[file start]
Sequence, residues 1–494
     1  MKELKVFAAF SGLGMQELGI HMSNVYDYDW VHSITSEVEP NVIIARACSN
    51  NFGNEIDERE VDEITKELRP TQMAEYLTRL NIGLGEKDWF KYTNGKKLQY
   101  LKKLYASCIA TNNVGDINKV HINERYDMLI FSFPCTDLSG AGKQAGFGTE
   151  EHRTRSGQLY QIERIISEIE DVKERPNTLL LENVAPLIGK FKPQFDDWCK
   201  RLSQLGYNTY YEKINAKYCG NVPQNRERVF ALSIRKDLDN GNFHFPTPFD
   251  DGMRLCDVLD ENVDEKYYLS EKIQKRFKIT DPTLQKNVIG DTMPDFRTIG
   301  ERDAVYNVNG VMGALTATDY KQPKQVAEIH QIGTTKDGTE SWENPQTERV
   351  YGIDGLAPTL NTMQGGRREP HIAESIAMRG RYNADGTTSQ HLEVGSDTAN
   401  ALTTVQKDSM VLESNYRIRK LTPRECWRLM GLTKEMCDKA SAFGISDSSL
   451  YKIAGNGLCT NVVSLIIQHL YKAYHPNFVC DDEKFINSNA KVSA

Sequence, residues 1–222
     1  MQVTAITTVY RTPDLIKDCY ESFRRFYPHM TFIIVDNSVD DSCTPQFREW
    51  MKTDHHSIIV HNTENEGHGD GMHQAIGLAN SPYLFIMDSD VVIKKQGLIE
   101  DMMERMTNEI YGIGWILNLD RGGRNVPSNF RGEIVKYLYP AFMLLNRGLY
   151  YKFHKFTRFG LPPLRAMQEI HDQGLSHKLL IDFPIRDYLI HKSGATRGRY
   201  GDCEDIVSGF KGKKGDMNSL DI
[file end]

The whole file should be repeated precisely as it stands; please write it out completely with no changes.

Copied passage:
Sequence, residues 1–494
     1  MKELKVFAAF SGLGMQELGI HMSNVYDYDW VHSITSEVEP NVIIARACSN
    51  NFGNEIDERE VDEITKELRP TQMAEYLTRL NIGLGEKDWF KYTNGKKLQY
   101  LKKLYASCIA TNNVGDINKV HINERYDMLI FSFPCTDLSG AGKQAGFGTE
   151  EHRTRSGQLY QIERIISEIE DVKERPNTLL LENVAPLIGK FKPQFDDWCK
   201  RLSQLGYNTY YEKINAKYCG NVPQNRERVF ALSIRKDLDN GNFHFPTPFD
   251  DGMRLCDVLD ENVDEKYYLS EKIQKRFKIT DPTLQKNVIG DTMPDFRTIG
   301  ERDAVYNVNG VMGALTATDY KQPKQVAEIH QIGTTKDGTE SWENPQTERV
   351  YGIDGLAPTL NTMQGGRREP HIAESIAMRG RYNADGTTSQ HLEVGSDTAN
   401  ALTTVQKDSM VLESNYRIRK LTPRECWRLM GLTKEMCDKA SAFGISDSSL
   451  YKIAGNGLCT NVVSLIIQHL YKAYHPNFVC DDEKFINSNA KVSA

Sequence, residues 1–222
     1  MQVTAITTVY RTPDLIKDCY ESFRRFYPHM TFIIVDNSVD DSCTPQFREW
    51  MKTDHHSIIV HNTENEGHGD GMHQAIGLAN SPYLFIMDSD VVIKKQGLIE
   101  DMMERMTNEI YGIGWILNLD RGGRNVPSNF RGEIVKYLYP AFMLLNRGLY
   151  YKFHKFTRFG LPPLRAMQEI HDQGLSHKLL IDFPIRDYLI HKSGATRGRY
   201  GDCEDIVSGF KGKKGDMNSL DI